The more advanced you get, the more functional movement with free weights you are able to do.
For advanced people free weights and functional movement with resistance combined are better because you have a lot more ways to perform a routine. You are working on stabilizing one set of muscles while primarily working on another set of muscles. So you are working with relative resistance as well as outside resistance during the workout. There are also a lot more choices in a free weight workout with an easier transition from one exercise to another then with just working out with machines. I also love the fact that you can keep your heart rate elevated during strength training. If you or your trainer knows what they are doing, you could have a much more efficient workout with free weights.
Free weights are better the you joints in the long term aspect of this. You see, you can then move as your body was intended to move as you are not locked in a set pattern of movement. This lowers the incidents of wear and tear on the joints. Although you do need to know how to align yourself up properly. With free weights, it is a little more involved.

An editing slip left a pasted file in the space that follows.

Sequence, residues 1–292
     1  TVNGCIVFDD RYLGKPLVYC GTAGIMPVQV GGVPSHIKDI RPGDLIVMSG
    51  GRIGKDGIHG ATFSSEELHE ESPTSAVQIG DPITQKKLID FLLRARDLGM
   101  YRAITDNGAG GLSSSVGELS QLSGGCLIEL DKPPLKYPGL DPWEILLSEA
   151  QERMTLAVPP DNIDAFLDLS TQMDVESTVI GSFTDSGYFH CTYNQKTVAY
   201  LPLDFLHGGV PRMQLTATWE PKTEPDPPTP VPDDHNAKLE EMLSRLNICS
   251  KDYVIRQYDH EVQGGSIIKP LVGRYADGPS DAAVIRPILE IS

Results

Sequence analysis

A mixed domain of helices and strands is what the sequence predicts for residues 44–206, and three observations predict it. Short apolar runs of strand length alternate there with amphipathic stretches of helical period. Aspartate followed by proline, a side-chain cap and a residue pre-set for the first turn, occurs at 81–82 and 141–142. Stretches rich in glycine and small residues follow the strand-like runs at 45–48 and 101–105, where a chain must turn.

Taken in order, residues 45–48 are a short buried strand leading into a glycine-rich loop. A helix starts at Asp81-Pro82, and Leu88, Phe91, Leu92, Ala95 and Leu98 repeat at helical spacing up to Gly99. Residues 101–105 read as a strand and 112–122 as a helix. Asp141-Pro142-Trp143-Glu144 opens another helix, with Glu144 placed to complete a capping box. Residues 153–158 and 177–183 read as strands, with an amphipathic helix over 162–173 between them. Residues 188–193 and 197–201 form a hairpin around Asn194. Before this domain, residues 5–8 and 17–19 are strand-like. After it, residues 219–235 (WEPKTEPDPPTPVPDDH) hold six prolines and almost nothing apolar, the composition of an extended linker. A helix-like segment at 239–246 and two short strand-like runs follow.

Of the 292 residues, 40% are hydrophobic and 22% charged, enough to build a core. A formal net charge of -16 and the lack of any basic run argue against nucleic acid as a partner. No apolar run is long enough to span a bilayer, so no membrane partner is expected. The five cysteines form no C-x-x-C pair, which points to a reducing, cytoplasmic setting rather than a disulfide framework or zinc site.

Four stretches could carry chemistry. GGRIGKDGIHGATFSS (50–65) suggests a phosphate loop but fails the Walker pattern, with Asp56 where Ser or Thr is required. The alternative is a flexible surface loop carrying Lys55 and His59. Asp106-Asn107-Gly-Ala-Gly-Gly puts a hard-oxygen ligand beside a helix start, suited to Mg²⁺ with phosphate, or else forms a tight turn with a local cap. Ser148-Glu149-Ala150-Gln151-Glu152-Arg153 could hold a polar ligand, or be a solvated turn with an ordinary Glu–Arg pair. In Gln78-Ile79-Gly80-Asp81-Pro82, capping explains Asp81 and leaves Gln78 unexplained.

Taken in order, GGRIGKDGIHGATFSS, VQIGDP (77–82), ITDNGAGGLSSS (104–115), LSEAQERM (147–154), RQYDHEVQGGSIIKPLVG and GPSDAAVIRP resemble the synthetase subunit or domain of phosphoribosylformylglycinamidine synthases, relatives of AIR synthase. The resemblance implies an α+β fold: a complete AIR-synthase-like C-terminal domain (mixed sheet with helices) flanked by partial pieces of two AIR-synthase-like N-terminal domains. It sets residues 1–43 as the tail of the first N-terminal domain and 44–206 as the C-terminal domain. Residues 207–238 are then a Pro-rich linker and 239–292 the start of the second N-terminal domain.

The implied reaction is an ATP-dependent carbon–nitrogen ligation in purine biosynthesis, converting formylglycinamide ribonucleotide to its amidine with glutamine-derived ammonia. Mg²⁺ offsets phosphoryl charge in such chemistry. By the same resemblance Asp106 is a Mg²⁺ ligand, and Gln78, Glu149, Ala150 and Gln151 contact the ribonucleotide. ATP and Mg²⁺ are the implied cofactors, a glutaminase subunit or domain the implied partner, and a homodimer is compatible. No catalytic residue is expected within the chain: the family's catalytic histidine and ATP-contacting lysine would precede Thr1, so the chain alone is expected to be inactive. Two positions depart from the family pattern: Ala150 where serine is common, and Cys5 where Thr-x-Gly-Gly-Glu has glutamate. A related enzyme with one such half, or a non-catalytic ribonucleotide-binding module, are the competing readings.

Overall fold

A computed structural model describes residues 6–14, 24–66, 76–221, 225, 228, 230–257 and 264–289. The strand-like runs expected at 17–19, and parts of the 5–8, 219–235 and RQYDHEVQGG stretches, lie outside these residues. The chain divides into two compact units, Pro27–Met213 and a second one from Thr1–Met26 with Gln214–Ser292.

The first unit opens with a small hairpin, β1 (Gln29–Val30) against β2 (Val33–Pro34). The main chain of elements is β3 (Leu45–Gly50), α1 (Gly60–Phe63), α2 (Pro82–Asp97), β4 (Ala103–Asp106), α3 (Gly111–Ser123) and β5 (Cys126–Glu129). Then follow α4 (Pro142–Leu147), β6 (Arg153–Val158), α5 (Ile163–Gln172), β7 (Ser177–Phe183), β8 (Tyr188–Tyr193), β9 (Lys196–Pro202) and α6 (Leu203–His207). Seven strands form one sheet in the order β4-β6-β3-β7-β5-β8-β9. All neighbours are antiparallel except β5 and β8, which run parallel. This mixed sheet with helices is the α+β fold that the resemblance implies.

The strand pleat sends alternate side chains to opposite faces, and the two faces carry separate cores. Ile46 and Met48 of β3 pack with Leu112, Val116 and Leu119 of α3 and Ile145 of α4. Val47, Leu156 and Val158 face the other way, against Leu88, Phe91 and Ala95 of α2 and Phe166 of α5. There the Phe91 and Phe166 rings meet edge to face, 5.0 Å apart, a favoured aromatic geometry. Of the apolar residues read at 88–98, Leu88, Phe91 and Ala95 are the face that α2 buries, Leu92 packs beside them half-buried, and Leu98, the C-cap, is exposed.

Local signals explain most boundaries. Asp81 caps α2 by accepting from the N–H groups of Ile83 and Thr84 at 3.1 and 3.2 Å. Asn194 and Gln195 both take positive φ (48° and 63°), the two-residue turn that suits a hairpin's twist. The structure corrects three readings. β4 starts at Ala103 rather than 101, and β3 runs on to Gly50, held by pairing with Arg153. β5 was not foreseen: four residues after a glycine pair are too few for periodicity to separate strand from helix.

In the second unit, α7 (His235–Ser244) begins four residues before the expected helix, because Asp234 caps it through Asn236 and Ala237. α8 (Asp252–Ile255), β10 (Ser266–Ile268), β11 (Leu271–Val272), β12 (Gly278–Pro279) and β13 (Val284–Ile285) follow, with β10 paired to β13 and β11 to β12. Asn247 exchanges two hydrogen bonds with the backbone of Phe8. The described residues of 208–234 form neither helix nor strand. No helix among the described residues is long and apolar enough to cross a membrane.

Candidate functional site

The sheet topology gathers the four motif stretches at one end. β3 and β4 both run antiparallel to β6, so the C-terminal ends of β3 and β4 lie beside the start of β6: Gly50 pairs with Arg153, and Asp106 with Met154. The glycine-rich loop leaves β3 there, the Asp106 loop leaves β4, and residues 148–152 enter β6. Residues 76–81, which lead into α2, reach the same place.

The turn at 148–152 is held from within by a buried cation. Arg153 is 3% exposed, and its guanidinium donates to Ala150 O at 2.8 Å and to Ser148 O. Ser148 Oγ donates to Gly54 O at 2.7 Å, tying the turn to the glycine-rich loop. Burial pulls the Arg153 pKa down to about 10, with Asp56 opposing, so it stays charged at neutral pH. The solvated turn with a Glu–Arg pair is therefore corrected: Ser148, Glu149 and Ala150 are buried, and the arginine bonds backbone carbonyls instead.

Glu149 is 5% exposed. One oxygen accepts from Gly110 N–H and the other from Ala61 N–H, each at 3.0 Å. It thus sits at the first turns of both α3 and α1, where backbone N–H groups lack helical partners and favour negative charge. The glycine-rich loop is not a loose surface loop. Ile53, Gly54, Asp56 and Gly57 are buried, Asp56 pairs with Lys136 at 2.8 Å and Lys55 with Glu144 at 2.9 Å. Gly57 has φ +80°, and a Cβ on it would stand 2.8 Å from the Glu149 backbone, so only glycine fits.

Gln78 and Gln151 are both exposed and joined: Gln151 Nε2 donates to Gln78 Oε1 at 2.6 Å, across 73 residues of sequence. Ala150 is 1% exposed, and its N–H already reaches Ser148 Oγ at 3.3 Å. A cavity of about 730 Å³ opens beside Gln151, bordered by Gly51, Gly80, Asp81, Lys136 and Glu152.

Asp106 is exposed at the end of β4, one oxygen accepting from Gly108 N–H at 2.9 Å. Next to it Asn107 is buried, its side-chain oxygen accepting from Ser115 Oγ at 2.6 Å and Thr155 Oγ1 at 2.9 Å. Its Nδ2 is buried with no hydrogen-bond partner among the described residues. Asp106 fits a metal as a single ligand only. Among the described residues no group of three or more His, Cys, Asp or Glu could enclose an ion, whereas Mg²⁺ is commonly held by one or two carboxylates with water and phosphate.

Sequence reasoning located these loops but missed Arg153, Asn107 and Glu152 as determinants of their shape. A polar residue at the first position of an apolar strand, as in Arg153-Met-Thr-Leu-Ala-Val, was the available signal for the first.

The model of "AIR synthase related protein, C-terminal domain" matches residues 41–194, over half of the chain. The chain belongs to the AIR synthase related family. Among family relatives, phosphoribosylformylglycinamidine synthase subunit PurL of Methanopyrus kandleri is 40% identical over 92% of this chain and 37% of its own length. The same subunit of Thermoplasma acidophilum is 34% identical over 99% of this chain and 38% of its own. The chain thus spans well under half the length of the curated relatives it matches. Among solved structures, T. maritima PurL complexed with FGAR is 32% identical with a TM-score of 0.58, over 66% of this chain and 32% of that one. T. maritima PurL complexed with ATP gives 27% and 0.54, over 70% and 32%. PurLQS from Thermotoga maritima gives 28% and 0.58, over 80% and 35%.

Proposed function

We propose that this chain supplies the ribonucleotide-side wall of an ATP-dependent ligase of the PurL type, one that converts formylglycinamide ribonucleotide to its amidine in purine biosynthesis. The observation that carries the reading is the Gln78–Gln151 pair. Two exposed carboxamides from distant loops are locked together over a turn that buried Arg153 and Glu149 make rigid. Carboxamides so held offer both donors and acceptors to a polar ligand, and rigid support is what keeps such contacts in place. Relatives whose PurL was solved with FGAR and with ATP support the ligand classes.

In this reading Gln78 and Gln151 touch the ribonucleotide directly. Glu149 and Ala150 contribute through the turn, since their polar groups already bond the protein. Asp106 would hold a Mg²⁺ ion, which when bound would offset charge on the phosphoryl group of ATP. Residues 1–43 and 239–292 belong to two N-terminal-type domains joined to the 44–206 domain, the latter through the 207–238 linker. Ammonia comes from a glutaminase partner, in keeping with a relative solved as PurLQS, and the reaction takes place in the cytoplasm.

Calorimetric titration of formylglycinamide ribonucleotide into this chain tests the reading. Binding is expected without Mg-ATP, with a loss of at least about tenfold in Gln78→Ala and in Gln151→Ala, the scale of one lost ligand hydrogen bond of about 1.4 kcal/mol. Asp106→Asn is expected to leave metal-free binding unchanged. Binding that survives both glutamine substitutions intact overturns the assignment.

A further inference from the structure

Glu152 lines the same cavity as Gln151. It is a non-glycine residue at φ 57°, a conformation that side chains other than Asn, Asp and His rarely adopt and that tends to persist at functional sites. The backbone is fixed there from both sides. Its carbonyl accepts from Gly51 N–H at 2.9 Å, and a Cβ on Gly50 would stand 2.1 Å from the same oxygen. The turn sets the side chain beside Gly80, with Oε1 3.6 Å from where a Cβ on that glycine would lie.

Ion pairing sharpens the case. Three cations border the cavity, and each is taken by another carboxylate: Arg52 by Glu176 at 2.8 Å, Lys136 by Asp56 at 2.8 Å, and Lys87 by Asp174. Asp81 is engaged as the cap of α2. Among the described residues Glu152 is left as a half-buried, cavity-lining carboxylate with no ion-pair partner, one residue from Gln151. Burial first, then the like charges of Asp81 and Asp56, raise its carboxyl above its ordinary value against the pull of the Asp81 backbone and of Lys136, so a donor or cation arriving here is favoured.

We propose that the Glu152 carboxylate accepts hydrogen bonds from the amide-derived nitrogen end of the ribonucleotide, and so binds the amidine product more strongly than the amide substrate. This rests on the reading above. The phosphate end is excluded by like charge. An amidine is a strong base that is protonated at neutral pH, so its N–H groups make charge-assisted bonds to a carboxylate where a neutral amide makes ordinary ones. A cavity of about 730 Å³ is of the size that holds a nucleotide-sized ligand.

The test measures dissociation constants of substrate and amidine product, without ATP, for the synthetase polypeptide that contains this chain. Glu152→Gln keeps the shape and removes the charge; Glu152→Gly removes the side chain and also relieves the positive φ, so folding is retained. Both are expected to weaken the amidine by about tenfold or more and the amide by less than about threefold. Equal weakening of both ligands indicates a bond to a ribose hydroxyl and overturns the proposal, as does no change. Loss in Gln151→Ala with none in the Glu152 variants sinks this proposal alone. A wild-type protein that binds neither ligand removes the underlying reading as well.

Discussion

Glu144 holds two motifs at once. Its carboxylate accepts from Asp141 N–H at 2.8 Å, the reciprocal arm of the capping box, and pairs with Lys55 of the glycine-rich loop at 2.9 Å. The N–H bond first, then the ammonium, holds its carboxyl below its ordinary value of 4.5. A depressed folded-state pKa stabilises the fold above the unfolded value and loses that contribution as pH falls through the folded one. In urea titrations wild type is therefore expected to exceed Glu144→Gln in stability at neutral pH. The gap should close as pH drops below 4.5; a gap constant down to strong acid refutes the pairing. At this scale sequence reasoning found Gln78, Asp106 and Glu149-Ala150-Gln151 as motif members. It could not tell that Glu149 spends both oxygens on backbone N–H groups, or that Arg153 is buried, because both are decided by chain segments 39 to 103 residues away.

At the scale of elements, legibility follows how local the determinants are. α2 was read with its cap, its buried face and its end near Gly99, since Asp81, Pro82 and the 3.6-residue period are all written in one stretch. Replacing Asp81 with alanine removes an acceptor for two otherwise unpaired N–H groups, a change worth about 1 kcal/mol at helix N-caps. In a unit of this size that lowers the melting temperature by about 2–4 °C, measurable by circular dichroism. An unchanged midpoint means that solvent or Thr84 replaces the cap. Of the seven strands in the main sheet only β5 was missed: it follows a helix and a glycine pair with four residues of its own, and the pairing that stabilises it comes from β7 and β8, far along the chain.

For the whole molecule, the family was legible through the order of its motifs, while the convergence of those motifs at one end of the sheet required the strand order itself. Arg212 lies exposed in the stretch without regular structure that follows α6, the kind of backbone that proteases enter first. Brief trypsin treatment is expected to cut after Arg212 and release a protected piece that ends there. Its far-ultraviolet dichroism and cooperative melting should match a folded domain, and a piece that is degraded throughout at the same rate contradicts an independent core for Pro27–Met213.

But there are advantages to machines. Machines only make your muscles work in one or two dimensions, which decreases the activation of your stabilizer muscles. While this is typically thought of as a negative, this property of machines can actually be used to help us build more muscle.
Stabilizers are often times the first ones to go in free weight work. By adding on the machines at the end of the workout, we can take the tired stabilizers out of the picture and target the primary movers.
With that said, I firmly believe that machine exercises should play a much smaller role than free weight exercises for the more advanced person and machines should for beginners. That goes for any muscle building program.
But keep in mind that simply throwing a bunch of free weight exercises together and calling it a fast muscle building program won't bring you consistant results. There are a lot of variables to consider when designing a training program, and exercise selection is only one of them. You can more ideas on fitness strategies by reading more articles.
There is a lot out there. And it feels so powerful to get great results in less time. There is something very freeing about getting in control of your time.
Until next time, live with energy.